No. I don’t think you could have reached that point without having normalized the military use first. But I would definitely believe that Reno would have used them for both Waco and Elian Gonzalez (obviously not for killing in the latter instance but for surveillance).

            If you are willing to go the unprecedented distance of using tanks against civilian targets you would definitely have fired missiles from drones.

        • JWH

          Anwar al-Awlaki’s passing did not bother me, considering he was deeply involved in al-Qaida to the point of making propaganda videos for them. That, and (theoretically at least) he had the option to avail himself of American legal protections by negotiating a surrender.

          I tend to draw my lines that theaters of war and/or active engagement in hostilities. If you’re, say, in the middle of a country we’re invading and supporting the enemy, cutting propaganda videos and assisting in logistics is pretty much the same thing as wielding a weapon and blowing up shit. It’s an act of war.

          Where things get uncomfortable is that the further you get from a war zone, the less justifiable it is to assassinate somebody via drone. In Yemen, for example, we’re far from a “war” zone like Afganistan might be … but there’s a patina of “war” cover considering the local al-Qaida franchise involved itself in insurgency against the Yemeni government.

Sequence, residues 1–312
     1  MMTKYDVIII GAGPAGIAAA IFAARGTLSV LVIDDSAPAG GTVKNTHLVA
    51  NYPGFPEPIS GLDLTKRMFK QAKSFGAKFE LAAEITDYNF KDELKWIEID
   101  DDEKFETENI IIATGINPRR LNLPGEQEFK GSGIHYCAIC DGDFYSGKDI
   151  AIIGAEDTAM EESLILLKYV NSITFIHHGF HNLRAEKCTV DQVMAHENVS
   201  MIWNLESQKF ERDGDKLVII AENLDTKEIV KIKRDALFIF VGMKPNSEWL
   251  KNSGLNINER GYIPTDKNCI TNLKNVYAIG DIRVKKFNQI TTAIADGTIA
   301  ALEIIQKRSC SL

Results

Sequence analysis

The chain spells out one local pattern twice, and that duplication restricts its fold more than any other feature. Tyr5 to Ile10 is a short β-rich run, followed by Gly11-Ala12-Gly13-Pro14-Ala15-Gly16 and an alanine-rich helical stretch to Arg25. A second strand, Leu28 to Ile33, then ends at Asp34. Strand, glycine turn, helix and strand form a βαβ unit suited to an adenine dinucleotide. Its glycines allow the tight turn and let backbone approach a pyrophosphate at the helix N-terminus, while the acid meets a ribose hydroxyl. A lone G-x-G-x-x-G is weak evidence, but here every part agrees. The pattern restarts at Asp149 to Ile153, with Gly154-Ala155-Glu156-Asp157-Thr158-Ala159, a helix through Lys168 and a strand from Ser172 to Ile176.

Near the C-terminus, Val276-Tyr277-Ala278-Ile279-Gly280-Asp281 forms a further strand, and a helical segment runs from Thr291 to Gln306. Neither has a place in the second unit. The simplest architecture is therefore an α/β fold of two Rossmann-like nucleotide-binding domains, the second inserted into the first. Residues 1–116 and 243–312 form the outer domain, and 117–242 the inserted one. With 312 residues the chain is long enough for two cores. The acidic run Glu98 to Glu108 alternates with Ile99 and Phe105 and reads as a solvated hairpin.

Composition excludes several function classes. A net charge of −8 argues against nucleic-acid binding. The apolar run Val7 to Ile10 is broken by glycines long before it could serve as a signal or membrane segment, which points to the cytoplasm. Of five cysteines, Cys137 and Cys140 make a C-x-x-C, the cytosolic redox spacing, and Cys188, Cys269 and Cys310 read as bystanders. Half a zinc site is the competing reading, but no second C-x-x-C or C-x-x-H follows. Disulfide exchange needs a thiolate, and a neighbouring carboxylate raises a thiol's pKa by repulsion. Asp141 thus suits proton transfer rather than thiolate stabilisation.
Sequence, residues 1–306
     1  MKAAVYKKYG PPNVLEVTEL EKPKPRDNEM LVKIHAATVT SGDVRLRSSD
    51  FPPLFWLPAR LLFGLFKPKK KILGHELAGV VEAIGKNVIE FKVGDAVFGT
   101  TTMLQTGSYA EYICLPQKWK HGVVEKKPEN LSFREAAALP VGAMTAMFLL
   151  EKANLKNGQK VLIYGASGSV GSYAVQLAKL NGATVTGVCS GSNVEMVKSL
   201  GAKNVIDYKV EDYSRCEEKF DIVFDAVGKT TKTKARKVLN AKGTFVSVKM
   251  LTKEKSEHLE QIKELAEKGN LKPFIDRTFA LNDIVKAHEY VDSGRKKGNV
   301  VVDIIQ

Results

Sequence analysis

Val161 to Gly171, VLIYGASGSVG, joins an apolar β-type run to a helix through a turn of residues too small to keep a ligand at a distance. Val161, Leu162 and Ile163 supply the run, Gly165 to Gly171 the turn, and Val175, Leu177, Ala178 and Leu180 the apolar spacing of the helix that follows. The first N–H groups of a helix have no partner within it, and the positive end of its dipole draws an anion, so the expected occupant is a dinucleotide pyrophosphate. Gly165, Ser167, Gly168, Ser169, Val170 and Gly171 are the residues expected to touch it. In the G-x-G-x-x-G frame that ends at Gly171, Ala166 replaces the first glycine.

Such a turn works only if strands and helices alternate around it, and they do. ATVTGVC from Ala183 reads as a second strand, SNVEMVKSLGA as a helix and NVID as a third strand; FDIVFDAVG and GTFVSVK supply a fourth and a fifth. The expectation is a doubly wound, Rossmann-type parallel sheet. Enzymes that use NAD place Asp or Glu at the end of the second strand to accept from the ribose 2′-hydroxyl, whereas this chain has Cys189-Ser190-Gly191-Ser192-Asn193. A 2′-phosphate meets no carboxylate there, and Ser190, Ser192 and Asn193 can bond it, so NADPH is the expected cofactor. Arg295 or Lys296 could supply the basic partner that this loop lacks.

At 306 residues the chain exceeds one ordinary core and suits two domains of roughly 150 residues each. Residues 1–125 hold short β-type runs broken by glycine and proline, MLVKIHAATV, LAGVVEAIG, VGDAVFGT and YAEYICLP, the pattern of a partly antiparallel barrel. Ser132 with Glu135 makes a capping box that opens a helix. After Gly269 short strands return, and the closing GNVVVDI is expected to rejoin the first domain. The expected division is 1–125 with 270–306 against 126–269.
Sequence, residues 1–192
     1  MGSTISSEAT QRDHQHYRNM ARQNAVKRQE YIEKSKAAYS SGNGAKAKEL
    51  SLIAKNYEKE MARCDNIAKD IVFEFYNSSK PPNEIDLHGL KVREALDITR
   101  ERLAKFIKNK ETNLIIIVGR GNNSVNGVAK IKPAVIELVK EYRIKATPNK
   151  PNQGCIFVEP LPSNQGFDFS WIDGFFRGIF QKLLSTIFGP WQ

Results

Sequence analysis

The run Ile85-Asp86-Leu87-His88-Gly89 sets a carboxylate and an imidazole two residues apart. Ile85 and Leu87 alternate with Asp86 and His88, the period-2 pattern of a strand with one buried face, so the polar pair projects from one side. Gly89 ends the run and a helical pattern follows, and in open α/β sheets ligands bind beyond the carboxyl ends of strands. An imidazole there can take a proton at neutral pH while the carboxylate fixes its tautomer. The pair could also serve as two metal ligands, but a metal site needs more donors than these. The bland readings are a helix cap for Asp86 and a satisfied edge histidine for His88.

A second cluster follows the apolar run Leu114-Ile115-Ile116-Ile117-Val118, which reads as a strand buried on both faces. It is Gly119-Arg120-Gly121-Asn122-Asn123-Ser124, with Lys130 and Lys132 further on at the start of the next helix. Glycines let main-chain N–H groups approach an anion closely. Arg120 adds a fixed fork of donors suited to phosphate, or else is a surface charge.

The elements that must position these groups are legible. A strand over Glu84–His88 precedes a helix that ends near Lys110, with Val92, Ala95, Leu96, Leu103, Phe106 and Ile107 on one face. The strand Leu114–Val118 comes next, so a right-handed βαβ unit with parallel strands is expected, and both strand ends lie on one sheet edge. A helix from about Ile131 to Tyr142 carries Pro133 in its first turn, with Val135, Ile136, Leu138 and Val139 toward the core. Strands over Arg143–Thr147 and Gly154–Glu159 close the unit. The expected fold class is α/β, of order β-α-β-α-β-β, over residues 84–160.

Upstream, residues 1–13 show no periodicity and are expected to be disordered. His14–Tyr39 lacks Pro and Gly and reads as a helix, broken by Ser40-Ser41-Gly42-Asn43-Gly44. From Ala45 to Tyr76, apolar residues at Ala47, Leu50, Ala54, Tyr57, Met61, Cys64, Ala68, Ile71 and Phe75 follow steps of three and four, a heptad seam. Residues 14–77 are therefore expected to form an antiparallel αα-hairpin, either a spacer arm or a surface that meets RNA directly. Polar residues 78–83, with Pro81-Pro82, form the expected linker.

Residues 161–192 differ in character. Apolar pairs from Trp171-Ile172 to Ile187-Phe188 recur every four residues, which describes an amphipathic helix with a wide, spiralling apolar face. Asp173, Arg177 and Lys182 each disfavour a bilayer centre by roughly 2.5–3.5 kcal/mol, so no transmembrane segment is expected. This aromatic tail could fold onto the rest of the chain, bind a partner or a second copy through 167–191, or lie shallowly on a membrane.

Which is why I favor using things like extradition treaties and contacts with other nations’ law enforcement as a first resort for retrieving such US citizens. Due process is more likely to be observed and so forth.

          The root problem here is the 2001 AUMF. Whatever Congress intended with it, the document was so elastic that it’s more or less Gulf of Tonkin II, and it doesn’t take much more than an ambitious president to stretch it far beyond whatever Congress intended with it.

  • Speaking of Brennan:

    Brennan takes oath on draft Constitution—without Bill of Rights

  • Par4Course

    McCain and Graham should get out of the Senate now. They chose to ignore President Reagan’s Eleventh Commandment (in Reagan’s words from his book An American Life): “Thou shalt not speak ill of any fellow Republican. It’s a rule I followed during that [primary] campaign and have ever since.”

  • Par4Course

    McCain and Graham should get out of the Senate now. They chose to ignore President Reagan’s Eleventh Commandment (in Reagan’s words from his book An American Life): “Thou shalt not speak ill of any fellow Republican. It’s a rule I followed during that [primary] campaign and have ever since.”